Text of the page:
- Associated Press - Saturday, June 27, 2015

WEST BEND, Wis. (AP) - While others may run from severe weather, Jake Stehli of Hartford races toward it. He loves getting near it. Stehli’s a storm chaser — not exactly a hobby or an occupation for the faint of heart.

Stehli, 36, returned recently from a trip through Kansas, Iowa, Nebraska and Colorado to chase storms. With a degree in psychology, he’d prefer earning a regular paycheck chasing storms.

“It’s a hobby right now. I’d love it if I could turn it into freelance work,” Stehli said. “Getting close to a storm and getting great photos of the clouds, the lightning, everything that’s part of it, is a huge adrenaline rush.” Stehli’s mother, Mary Kuharske, said her son developed a passion for anything about weather at an early age.

“I think I was 8 at the time. A teacher gave me a book to read about clouds,” Stehli said. “After I read it, I just had to learn more and it became my passion. Sometimes I think it’s bothered other people, like teachers for example, but it’s something I just love to learn about.” Stehli remembers one incident where he may have been “obsessive” about his interest in storms, the Daily News of West Bend reported.

“When I was in grade school they announced over the loudspeaker there was a chance of severe weather in the area. I jumped, threw a whole bunch of papers around and gave out a big yell. My teacher wasn’t too happy about it,” Stehli said.

Kuharske said she was amazed by how much weather knowledge her son had when he was very young and how his passion has become even stronger. She understands storm chasing can be extremely dangerous. In fact, some storm chasers have been killed after getting too close or inside a storm.

“Do I worry about him? Yes,” said Kuharske. “But I’ve learned it’s his passion. You have to let your children do what their passionate about so there are no regrets later in life.” Stehli’s been very close to a number of dangerous storms that included winds and lightning, but a storm chaser must learn to stay close to a storm but not go inside it.

“It’s even more dangerous for the average Joe who tries it without having the proper knowledge,” Stehli said. “There’s an inherent risk, but if you are educated your chances are better.” Stehli said storm chasing during the day is dangerous enough, but storm chasing in the dark is beyond that danger.

“Storm chasing at night is a definite no-no,” Stehli said. “I’ve taken pictures of the aurora borealis at night. I’ve taken photos of lightning at night. One time at the Hartford Airport there were all kinds of lightning strikes and it seemed the lightning was following me as I moved inside a building.” Kuharske said her son became friends with meteorologists from Milwaukee TV stations when he was young and remains in contact with some today.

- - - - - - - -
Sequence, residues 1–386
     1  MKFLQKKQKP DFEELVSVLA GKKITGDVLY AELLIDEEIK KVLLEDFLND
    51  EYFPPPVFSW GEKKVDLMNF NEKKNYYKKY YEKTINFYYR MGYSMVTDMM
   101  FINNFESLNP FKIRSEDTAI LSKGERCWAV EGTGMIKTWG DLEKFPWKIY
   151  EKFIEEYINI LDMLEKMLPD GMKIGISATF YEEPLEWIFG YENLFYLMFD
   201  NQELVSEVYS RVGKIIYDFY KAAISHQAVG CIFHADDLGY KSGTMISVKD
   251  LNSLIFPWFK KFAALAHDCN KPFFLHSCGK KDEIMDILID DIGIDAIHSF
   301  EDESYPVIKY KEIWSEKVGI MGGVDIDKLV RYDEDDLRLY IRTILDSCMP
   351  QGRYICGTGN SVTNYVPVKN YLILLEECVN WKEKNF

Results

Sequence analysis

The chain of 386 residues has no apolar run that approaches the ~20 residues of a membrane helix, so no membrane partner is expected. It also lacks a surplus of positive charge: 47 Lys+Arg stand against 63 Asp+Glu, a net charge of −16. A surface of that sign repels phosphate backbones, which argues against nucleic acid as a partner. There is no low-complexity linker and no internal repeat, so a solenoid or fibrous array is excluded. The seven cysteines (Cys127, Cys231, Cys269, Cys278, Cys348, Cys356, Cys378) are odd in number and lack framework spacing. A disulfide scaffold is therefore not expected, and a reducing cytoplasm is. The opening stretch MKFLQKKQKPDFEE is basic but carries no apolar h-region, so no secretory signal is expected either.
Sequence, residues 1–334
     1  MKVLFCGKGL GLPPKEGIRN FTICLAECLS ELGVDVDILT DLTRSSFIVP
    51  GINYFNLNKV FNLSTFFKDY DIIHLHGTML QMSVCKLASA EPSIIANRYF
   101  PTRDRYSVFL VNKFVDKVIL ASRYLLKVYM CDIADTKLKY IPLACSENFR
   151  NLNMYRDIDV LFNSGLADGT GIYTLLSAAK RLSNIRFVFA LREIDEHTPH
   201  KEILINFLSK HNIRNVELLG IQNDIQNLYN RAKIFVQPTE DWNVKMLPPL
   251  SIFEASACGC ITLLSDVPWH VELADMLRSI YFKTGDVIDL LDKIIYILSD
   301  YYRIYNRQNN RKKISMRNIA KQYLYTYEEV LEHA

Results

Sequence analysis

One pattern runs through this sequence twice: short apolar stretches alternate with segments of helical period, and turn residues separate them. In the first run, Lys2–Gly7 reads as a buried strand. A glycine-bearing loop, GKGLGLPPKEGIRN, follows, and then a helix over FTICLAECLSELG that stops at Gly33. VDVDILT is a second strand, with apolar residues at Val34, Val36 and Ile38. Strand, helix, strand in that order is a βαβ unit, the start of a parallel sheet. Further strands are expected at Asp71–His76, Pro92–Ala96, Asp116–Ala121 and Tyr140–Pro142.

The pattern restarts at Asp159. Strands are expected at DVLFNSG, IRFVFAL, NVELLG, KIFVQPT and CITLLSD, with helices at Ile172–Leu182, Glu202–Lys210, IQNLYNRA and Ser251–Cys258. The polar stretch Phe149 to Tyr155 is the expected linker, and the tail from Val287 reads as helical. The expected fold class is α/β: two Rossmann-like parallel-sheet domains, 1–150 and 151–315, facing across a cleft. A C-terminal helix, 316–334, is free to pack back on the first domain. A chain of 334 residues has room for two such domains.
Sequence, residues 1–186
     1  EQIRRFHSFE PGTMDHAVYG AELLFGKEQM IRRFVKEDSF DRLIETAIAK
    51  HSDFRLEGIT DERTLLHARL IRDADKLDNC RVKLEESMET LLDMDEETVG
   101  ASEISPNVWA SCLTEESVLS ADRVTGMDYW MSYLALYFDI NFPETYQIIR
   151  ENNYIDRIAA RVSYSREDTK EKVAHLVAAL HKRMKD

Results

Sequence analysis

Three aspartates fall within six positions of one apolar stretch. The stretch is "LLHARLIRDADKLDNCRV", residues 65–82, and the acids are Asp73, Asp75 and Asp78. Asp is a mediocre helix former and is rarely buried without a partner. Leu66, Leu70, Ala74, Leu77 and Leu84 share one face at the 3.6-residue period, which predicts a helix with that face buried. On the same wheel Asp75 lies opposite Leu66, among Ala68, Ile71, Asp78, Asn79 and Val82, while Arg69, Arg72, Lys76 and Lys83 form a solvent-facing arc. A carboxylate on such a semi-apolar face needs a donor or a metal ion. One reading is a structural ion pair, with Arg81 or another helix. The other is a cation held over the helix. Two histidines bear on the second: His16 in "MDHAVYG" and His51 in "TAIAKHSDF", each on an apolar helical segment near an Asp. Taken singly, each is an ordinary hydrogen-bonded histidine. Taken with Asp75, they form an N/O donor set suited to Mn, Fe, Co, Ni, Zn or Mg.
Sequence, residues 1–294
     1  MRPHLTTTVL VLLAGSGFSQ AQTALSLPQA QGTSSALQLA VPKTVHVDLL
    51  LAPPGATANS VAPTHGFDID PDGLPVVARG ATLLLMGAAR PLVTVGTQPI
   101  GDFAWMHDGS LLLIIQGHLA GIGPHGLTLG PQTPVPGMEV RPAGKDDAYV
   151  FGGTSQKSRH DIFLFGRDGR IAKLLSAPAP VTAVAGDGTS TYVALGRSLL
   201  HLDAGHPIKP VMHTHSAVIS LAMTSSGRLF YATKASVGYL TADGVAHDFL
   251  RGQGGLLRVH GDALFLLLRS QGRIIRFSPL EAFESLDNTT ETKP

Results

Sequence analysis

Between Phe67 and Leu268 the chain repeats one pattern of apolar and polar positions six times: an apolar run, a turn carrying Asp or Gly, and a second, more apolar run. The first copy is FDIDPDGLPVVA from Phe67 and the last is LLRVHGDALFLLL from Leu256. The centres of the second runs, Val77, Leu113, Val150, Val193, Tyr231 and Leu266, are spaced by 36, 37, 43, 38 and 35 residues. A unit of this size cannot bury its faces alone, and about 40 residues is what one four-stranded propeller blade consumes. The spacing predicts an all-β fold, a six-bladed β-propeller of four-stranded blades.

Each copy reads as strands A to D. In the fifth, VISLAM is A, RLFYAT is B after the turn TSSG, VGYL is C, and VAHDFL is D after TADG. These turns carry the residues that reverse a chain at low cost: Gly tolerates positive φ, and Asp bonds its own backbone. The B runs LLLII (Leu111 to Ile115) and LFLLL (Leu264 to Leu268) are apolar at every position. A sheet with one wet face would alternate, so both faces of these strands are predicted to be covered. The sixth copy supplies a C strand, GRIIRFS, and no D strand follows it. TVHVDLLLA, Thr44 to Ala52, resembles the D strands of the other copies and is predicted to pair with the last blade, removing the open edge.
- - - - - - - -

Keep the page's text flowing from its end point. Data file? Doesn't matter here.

“I started by calling Vince Condella and talked to him about the aurora borealis. I was 8 at the time and I asked him what created all the colors in the night sky. That led to learning from him about the weather,” Stehli said. “I talk off and on with Mark Baden from Channel 12.” Stehli?s storm chasing has allowed him to take a number of stunning weather photos he’s shared with Baden and others.

“Normally when you’re storm chasing you should be with another person,” Stehli said. “When I can’t do that I have my photo equipment set up so I can shoot photos automatically.” His car is also decked out with an anemometer, weather radar, radios and extensive photography equipment.

“Today’s technology makes it a lot easier to know where the storms are compared to years ago,” Stehli said.

Stehli is a walking encyclopedia of weather. Mention a storm or tornado touchdown and Stehli can reel off a lengthy report on what happened and the severity of the weather. He also serves as a local volunteer weather spotter. He said there’s a big difference between being a storm spotter and a storm chaser.

“When you’re a spotter you know there are conditions that make severe weather possible. You report what you see to authorities,” Stehli said.

“When you’re a storm chaser you’re deliberately following the storm and trying to get as close as possible for photos and to learn about that weather phenomena.” Stehli said some storm chasers today are getting too close or going inside of storms.

“Some people are just out to make a name for themselves in the social media,” Stehli said. “They’re into it for the wrong reasons. I and others are on the trip to purposely hunt down weather and provide photos and information to meteorologists and the National Weather Service, not for fame.” Stehli’s dream is to take a storm-chasing trip soon through Tornado Alley, stretching through the nation?s mid-section. Meanwhile, Stehli will continue chasing storms and severe weather and posting his photos online.

“I can’t do it as often as I’d like because I have to work to pay the bills, but I hope to do it more,” Stehli said. “I’ve been afraid, but fear makes you focus even more on doing the job right and being safe too.”

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Information from: Daily News, http://www.dailynewsol.com/

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